The game itself has so many facets that it’s impossible to really measure influence. There’s the business side of it, so sponsors, owners, league executives and agents have influence. Then there’s the game play, so coaches, players and managers who determine how their teams prepare and perform have influence. Broadcast networks and mainstream media of course influence the game since they decide what’s presented, and how much.
I was surprised to see only one blogger make the list. Greg Wyshynski of Puck Daddy ranks at #92 this year, up seven spots from last year. He’s the only blogger to have ever made the list.
Fans themselves have a lot of influence on the game and use blog sites regularly to get the latest information and interact with others. Online activity of NHL hockey fans has increased significantly over the past few years with more subscribing to digital services (Financial Post). But the modern fan is more than just a consumer of the game. They also act as sponges learning the game and developing their own ideas and thoughts. They take the information out there and centralize it to construct knowledge on blog sites.
Having only one blogger on the list seems bizarre to me especially considering the amount of traffic and comments they get daily. In the past year alone, some major stories have been broken by bloggers. None bigger than blogger Tyler Dellow uncovering some dirt on Colin Campbell, a senior VP and the NHL’s head of discipline. Reaction from TSN, Globe and Mail and Puck Daddy.
It could also be that the list The Hockey News has compiled just ignores online activity as an influencer.
Phoenix Coyotes player Paul Bissonnette landed at #100 on the list. He has a total of 6 points in 80 career games (as of this post) and is known more for his fighting on the ice. But online, Bissonnette has become one of the most popular hockey types on Twitter (@BizNasty2point0). With over 34,000 followers, he ranks near the top of all hockey related accounts, even ahead of The Hockey News (@TheHockeyNews). Bissonnettes entertaining tweets are pretty refreshing for a league that has very robotic-like players when a broadcast medium is placed in front of them. He’s also a supporter of causes that help the homeless and has some unique fundraising methods.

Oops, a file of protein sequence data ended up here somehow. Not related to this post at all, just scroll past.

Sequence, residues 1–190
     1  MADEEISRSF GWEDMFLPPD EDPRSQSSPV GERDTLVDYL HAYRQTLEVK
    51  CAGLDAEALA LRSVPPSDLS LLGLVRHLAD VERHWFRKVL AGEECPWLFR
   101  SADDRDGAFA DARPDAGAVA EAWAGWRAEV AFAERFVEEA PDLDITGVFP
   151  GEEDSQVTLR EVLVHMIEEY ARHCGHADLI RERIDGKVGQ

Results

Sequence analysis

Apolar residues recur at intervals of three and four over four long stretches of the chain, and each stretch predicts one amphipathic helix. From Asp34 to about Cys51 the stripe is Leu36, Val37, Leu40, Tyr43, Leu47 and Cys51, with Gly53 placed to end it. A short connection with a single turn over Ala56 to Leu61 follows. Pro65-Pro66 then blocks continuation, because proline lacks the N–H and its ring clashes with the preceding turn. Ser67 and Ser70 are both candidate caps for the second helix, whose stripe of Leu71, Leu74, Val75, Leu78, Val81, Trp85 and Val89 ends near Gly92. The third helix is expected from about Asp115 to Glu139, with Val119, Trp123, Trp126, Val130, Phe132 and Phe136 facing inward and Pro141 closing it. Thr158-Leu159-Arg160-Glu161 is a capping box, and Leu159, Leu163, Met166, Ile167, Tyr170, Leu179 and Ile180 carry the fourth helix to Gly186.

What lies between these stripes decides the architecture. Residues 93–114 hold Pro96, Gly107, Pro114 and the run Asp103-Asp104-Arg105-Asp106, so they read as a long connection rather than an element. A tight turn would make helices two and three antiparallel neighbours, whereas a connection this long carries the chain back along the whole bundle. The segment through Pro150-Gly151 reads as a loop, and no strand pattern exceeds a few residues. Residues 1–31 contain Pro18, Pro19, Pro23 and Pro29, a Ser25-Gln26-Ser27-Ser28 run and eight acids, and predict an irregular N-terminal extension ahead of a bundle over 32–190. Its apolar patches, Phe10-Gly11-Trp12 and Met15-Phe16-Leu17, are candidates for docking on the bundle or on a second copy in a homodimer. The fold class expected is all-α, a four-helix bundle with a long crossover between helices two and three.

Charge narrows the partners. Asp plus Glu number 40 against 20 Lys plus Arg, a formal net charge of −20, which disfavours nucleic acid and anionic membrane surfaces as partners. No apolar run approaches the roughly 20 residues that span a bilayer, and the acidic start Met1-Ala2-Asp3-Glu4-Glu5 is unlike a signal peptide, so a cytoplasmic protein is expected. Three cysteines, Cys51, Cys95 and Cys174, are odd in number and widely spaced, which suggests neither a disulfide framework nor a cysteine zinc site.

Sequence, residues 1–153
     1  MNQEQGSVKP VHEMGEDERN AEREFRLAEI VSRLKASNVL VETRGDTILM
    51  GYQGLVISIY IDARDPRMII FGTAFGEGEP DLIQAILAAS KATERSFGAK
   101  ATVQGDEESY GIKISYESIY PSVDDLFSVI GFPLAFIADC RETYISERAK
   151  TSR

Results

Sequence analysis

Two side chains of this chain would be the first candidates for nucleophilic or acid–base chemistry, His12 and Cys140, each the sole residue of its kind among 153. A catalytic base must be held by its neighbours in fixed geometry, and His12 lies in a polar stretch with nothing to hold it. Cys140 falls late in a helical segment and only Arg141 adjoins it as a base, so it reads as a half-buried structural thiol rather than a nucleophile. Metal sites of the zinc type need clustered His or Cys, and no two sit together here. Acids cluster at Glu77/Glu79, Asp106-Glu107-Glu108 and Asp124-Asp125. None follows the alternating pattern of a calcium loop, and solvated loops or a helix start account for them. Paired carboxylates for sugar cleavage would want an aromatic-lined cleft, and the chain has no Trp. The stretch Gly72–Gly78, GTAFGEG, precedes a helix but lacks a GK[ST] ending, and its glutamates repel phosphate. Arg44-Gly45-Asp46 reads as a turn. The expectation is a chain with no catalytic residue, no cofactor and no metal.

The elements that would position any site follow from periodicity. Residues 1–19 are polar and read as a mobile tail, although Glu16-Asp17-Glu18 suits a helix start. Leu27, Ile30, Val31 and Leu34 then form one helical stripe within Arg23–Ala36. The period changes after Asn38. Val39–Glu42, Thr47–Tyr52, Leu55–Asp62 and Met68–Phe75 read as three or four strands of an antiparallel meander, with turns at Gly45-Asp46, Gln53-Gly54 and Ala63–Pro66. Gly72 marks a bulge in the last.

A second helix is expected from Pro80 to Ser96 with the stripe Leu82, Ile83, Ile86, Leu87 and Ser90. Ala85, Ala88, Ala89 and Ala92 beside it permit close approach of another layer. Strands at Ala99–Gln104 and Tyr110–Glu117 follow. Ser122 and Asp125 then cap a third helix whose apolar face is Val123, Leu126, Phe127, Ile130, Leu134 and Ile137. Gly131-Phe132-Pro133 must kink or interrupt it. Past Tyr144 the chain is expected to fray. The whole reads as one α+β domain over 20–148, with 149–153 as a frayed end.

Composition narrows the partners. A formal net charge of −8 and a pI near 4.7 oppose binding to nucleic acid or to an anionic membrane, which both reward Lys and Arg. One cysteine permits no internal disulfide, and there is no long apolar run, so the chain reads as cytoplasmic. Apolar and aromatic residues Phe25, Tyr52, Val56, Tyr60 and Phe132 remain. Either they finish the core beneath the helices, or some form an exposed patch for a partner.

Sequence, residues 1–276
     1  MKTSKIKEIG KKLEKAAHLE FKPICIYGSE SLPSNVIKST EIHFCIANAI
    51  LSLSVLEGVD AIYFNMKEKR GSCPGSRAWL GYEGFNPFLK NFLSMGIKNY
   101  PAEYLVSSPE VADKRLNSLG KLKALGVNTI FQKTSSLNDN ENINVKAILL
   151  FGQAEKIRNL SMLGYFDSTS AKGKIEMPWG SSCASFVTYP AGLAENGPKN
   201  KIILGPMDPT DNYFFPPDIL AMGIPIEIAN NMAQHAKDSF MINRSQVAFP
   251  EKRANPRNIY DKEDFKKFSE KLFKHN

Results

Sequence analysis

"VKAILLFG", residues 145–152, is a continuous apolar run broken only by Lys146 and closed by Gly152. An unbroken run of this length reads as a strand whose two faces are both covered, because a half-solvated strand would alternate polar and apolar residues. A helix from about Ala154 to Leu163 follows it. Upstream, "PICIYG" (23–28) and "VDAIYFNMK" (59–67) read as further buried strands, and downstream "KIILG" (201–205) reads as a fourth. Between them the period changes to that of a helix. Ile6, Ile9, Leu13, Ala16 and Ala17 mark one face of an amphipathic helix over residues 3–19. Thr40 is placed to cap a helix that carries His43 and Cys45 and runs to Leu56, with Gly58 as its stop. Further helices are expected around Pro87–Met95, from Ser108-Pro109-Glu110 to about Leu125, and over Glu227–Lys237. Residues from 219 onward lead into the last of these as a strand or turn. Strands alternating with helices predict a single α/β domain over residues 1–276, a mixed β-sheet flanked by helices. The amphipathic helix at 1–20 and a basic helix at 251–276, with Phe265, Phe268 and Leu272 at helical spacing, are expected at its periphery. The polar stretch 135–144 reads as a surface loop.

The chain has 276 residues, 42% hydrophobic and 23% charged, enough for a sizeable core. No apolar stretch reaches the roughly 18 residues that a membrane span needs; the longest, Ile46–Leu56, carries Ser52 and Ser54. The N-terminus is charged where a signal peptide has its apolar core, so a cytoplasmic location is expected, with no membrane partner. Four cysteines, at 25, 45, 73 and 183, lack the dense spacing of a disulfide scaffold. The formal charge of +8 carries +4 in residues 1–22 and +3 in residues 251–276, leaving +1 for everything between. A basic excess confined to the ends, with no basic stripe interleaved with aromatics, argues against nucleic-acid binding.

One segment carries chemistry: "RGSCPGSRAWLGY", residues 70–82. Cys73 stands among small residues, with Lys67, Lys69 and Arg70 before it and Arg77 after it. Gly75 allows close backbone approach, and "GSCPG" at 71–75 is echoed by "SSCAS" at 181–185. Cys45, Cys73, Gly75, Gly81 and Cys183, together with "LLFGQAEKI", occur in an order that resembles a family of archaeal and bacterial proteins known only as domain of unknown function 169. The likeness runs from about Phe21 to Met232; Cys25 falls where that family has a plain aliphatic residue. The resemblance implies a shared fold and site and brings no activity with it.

His online activity and the nature of his tweets has the attention of a demographic that the NHL caters to and should get him a higher spot. Bissonnette updates regularly to give followers a behind-the-scene look at life in the NHL and promotes the game in a market desperate for fans.
The Hockey News needs to start examining online activity as an influence on professional hockey. I can understand how owners, players and media influence the game. But with more and more people online and the web being what it is, more attention needs to be placed on bloggers and online communities.
Campbell, K. (2011). 100 People of Power and Influence. The Hockey News, 64 (14), p. 14-23.
Hartley, M. (2011, January 25). NHL mobile apps top one million downloads as hockey fans go digital. Financial Post. Retrived from http://business.financialpost.com/2011/01/25/nhl-mobile-apps-top-one-million-downloads-as-hockey-fans-go-digital/.
Ken Dryden talks extensively about the evolution of hockey in his book “The Game”. He stresses the importance of allowing young players to be creative without the rigid structure of organized hockey. He uses Montreal Canadiens legend Guy Lafleur as an example of a player who would spend time alone on the ice or with a few friends before and after practice to feel and develop his own game. Dryden talks about how skill and instincts are developed better when there’s less restrictions. The mind is able to wander more and think of new ways of playing the game.
Kids across different sports are placed under strict limitations by coaches. They’re expected to follow a team system or game plan and find a role to stick with for the greater good of the team. Rosters can’t have twelve Gretzky’s playing forward, so naturally, some players got be more offensive while others were put into supporting roles.
When the ice is open and there are less limits, like in pond hockey, a player has the ability to be creative. They can try different things without any repercussions. You get the chance to feel the game and be more imaginative.
I find this similar to blogging. When individuals can just write, without any worry of losing anything, some interesting stuff can come out. And if it doesn’t, big deal. It sticks around the web until someone can come along and maybe pick up from where it left off. Like pond hockey, there are some loose rules, but for the most part, you’re free to do whatever you want.
Being able to write is the same feeling you get when you’re playing on a frozen pond. The possibilities just seem endless when you can skate whichever direction, at any speed and include any movement. It’s a great feeling when the sunset is the final buzzer.
Dryden, K. (1983). The Game. Toronto: John Wiley & Sons.